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Deceased Donor Organ Transplantation Performed in the United States for Noncitizens and Nonresidents

  • Author(s): Delmonico, FL
  • Gunderson, S
  • Iyer, KR
  • Danovitch, GM
  • Pruett, TL
  • Reyes, JD
  • Ascher, NL
  • et al.

Published Web Location

https://doi.org/10.1097/TP.0000000000002086
No data is associated with this publication.
Creative Commons Attribution-NonCommercial-NoDerivatives 4.0 International Public License
Abstract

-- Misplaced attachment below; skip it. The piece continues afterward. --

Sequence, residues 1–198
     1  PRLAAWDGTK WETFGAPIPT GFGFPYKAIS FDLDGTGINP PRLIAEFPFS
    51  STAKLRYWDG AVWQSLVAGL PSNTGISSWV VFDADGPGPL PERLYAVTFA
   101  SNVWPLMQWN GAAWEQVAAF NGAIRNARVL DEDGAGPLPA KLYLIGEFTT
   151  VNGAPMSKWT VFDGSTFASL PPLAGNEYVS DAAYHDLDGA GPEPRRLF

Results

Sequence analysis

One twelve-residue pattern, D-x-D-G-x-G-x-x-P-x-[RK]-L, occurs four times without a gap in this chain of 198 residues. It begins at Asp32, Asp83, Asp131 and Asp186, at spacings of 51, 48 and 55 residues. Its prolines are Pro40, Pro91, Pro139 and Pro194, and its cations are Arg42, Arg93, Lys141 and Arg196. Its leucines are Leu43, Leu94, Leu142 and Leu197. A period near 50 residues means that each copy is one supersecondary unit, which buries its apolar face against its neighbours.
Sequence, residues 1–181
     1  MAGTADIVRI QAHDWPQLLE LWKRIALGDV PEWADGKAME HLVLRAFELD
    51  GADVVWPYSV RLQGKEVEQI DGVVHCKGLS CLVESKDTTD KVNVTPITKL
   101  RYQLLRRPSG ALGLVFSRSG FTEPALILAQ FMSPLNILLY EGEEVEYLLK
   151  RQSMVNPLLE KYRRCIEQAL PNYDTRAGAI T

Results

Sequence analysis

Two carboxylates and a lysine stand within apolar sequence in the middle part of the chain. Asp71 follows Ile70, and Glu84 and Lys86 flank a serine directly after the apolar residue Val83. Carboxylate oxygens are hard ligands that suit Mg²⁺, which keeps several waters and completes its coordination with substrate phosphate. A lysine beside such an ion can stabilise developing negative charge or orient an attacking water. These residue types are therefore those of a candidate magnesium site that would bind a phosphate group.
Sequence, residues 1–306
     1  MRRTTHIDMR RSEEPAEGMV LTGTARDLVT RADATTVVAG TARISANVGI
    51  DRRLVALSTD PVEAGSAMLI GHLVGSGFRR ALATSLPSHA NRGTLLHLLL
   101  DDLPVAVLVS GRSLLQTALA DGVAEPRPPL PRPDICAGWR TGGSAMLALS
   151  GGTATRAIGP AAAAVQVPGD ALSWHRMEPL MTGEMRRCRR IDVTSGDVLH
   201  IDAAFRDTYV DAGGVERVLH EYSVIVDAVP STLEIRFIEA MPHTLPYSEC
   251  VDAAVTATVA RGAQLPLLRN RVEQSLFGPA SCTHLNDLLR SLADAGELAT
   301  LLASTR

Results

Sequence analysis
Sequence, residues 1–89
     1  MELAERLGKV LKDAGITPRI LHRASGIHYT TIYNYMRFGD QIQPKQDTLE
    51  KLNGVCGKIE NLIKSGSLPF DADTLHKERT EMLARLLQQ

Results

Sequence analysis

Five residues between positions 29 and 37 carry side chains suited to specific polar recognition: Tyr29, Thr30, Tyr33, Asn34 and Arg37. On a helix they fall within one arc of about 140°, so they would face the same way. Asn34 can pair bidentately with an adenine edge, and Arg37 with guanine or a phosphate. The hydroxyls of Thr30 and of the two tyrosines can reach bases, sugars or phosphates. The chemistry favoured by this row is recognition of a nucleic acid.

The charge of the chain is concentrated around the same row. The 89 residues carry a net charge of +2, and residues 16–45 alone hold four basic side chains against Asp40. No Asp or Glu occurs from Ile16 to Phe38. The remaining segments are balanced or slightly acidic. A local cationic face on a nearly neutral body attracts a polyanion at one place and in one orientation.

Since 2012, the Organ Procurement and Transplantation Network (OPTN)/United Network for Organ Sharing (UNOS) has required transplant centers to record the citizenship residency status of patients undergoing transplantation in the United States. This policy replaced the 5% threshold of the non-US citizen/nonresidents (NC/NR) undergoing organ transplantation that could result in an audit of transplant center activity. Since April 1, 2015, the country of residence for the NC/NR on the waitlist has also been recorded. We analyzed the frequency of NC/NR deceased donor organ transplants and waitlist registrations at all US transplant centers by data provided by UNOS for that purpose to the UNOS Ad Hoc International Relations Committee. During the period of 2013 to 2016, 1176 deceased donor transplants (of all organs) were performed in non-US citizen/non-US resident (NC/NR) candidates (0.54% of the total number of transplants). We focused on high-volume NC/NR transplant centers that performed more than 5% of the deceased donor kidney or liver transplants in NC/NR or whose waitlist registrants exceeded 5% NC/NR. This report was prepared to fulfill the transparency policy of UNOS to assure a public trust in the distribution of organs. When viewed with a public awareness of deceased donor organ shortages, it suggests the need for a more comprehensive understanding of current NC/NR activity in the United States. Patterns of organ specific NC/NR registrations and transplantations at high-volume centers should prompt a review of transplant center practices to determine whether the deceased donor and center resources may be compromised for their US patients.

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